Are All Cancers Rare Cancers?
Rare cancers are typically classified as a prevalence of fewer than five cases out of a population of 10,000, at least according to European regulatory agencies. The International Rare Cancers Initiative (IRCI) defines it as a cancer with an incidence of three or fewer newly diagnosed people out of a population of 100,000 per year. Others have set that definition at six or less than 100,000. The U.S. National Cancer Institute (NCI), notes that, “Using either definition or cut-off, virtually all pediatric cancer types would be considered ‘rare cancers.’”
What is increasingly clear is that biopharmaceutical companies are focusing their drugs for smaller and smaller and more clearly delineated patient populations. No longer is a drug for lung cancer or even non-small cell lung cancer, but a much smaller segment.
For example, in April, the U.S. Food and Drug Administration (FDA) approved AstraZeneca’s Tagrisso (osimertinib) for the first-line treatment of patients with metastatic non-small cell lung cancer (NSCLC) in tumors with epidermal growth factor receptor (EGFR) mutations.
The mutations, exon 19 deletions or exon 21 L858R mutations, will be detected by an FDA-approved test. The decision was based on data from the Phase III FLAURA clinical trial. Results were presented at the European Society of Medical Oncology 2017 Congress and published in the New England Journal of Medicine. It has also been approved in the U.S. for second-line treatment of patients with metastatic EGFRm NSCLC, whose disease has progressed on or after a first-line EGFR-TKI round of therapy and who have developed the secondary T790 mutation.
Also in April, Merck & Co. announced results from a Phase III trial of Keytruda with Alimta (pemetrexed) and cisplatin or carboplatin as the first-line treatment of metastatic nonsquamous NSCLC, and the trial showed it has benefit regardless of PD-L1 expression in three PD-L1 categories that were evaluated.
And at the same time, Bristol-Myers Squibb announced initial results from its Phase III trial, CheckMate -227, which evaluated Opdivo (nivolumab) and Yervoy (ipilimumab) in first-line advanced NSCLC patients with high tumor mutational burden, which means the patients had 10 or more specific mutations.
In early 2018, David Hysong, founder and chief executive officer of Shepherd Therapeutics, told BioSpace, “One of the things we’re trying to educate people about is, ‘How rare is rare?’ The answer is not at all. Various organizations define rare cancer at different numbers based on different criteria. The American Cancer Society says 20 to 25 percent of all patients, NCI says about 42 percent, and Sloan Kettering says about half of all patients are fighting a rare cancer. A small subset of disease makes up all patients, and the industry focuses on smaller and smaller subsets, so rare will become less rare.”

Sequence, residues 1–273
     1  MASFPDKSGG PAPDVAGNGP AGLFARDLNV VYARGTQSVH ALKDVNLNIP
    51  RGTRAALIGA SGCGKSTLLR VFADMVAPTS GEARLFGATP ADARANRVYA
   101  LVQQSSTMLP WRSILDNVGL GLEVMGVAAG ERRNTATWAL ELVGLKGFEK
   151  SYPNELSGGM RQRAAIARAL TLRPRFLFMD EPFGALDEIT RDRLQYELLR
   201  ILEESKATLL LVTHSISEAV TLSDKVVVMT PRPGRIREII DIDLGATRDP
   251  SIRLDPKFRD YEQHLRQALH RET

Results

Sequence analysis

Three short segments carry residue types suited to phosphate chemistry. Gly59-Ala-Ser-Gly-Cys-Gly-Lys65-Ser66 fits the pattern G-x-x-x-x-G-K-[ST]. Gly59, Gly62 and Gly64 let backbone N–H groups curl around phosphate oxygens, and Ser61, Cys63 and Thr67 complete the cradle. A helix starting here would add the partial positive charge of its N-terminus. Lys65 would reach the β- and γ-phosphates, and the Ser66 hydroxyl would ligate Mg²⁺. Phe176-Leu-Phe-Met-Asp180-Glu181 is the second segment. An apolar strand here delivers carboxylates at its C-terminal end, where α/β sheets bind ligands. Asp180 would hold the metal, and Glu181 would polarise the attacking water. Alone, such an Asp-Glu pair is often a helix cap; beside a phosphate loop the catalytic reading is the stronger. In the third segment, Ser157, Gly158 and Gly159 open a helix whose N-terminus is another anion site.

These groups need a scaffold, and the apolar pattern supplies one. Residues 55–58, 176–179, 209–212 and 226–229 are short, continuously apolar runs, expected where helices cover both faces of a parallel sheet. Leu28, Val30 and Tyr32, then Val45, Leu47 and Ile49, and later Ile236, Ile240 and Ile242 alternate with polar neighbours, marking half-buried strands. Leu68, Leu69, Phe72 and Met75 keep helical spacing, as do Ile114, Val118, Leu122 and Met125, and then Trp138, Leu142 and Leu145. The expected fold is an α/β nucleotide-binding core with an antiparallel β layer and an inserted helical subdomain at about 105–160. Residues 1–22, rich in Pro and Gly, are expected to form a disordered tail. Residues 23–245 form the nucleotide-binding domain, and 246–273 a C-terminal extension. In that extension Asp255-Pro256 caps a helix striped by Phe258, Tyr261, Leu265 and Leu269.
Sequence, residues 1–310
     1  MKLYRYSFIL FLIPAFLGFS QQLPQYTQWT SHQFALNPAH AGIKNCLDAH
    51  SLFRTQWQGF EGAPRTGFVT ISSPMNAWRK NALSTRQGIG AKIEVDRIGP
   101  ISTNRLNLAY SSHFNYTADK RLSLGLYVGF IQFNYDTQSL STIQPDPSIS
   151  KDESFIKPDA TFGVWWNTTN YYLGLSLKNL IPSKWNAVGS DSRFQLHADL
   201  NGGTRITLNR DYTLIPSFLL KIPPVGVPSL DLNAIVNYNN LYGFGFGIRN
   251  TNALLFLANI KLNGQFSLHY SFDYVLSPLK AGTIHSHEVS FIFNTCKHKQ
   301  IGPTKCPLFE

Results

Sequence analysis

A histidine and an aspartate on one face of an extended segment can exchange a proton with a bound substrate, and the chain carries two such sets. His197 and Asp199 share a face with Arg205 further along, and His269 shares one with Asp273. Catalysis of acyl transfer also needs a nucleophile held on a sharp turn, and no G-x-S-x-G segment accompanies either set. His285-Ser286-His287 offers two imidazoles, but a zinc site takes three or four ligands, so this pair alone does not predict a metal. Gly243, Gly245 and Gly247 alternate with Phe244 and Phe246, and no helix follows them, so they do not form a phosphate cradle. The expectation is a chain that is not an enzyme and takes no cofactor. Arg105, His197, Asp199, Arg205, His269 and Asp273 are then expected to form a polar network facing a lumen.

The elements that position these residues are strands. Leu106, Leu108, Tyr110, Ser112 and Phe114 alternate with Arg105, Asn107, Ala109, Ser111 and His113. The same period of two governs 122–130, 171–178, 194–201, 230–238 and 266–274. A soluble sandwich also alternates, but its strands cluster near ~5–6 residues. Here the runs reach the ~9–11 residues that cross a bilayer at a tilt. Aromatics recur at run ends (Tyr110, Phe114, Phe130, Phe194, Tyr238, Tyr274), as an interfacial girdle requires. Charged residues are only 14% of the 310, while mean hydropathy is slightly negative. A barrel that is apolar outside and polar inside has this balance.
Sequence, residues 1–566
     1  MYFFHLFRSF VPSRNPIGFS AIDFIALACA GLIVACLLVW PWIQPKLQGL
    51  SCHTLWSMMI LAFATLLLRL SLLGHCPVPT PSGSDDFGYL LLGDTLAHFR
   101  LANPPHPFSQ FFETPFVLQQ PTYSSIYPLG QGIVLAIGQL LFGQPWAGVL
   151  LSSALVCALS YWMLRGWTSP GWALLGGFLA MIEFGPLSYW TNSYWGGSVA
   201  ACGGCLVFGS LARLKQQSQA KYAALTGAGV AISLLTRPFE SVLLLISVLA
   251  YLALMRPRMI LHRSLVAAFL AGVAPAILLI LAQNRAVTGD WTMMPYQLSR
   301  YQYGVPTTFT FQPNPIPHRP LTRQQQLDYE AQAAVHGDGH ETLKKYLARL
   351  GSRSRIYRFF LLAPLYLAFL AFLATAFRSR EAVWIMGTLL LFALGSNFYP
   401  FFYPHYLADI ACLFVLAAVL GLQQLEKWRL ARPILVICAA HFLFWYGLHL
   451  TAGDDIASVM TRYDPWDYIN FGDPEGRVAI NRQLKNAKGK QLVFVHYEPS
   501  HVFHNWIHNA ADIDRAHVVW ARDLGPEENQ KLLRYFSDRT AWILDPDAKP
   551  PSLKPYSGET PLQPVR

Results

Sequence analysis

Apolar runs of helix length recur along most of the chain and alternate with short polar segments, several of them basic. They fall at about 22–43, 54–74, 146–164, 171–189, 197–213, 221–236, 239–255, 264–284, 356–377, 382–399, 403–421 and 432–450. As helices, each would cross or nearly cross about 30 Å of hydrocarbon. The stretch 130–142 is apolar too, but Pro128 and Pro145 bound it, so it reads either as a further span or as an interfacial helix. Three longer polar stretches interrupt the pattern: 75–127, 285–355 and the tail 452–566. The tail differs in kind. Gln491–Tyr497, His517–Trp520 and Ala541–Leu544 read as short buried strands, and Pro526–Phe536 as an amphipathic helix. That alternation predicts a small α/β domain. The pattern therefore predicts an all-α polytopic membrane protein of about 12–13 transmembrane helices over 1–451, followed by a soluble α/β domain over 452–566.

And cancer isn’t the only disease area where drugs are being developed—or at least investigated—for smaller patient populations. Duchenne muscular dystrophy (DMD) is definitely a rare disease, which affects about 200 boys per million births, or one in 5,000. It is a muscle-wasting disease that leads to premature death. It is caused by a deletion of the dystrophin gene, which is the largest gene in the human genome. In 2016, Sarepta Therapeutics’ Exondys 51, after a great deal of drama and controversy, was approved for DMD patients. What was sometimes left out of the stories was that it was only approved for DMD patients with a specific mutation that could be treated by the drug’s exon 51 skipping technology. It was essentially a treatment for only a small portion of a population of a very rare disorder.
Other companies are working on DMD treatments that focus on different mutations.
And Alzheimer’s research is another area that is using this approach. Alzheon is attempting to move its beta amyloid blocker for Alzheimer’s disease into a Phase III pivotal trial. It acquired the rights to the drug, tramiprosate, from Neurochem, currently named BELLUS Health, in 2013, after it failed in a 2009 clinical trial. Alzheon believes that by focusing on patients with two copies of the APOE4 gene, which has been shown to be linked to Alzheimer’s, they would have a better shot at approval.
And maybe it will.
In some ways, the ability to target more defined patient populations has breathed life into drugs that were abandoned. In other ways, this influences business models in the biopharma industry. Hysong notes, “One of the reasons rare diseases are underserved is because companies outgrow them. Adenoid cystic carcinoma (ACC) has 1,200 patients per year and it’s hard for a company to justify outlays for that support from an early-development standpoint.”
However, it’s a trend that seems to be beneficial to patients, because their treatment will be less hit-and-miss and more targeted. The upside for bigger companies is they are able to find approval for more indications, even if those indications are often smaller patient populations.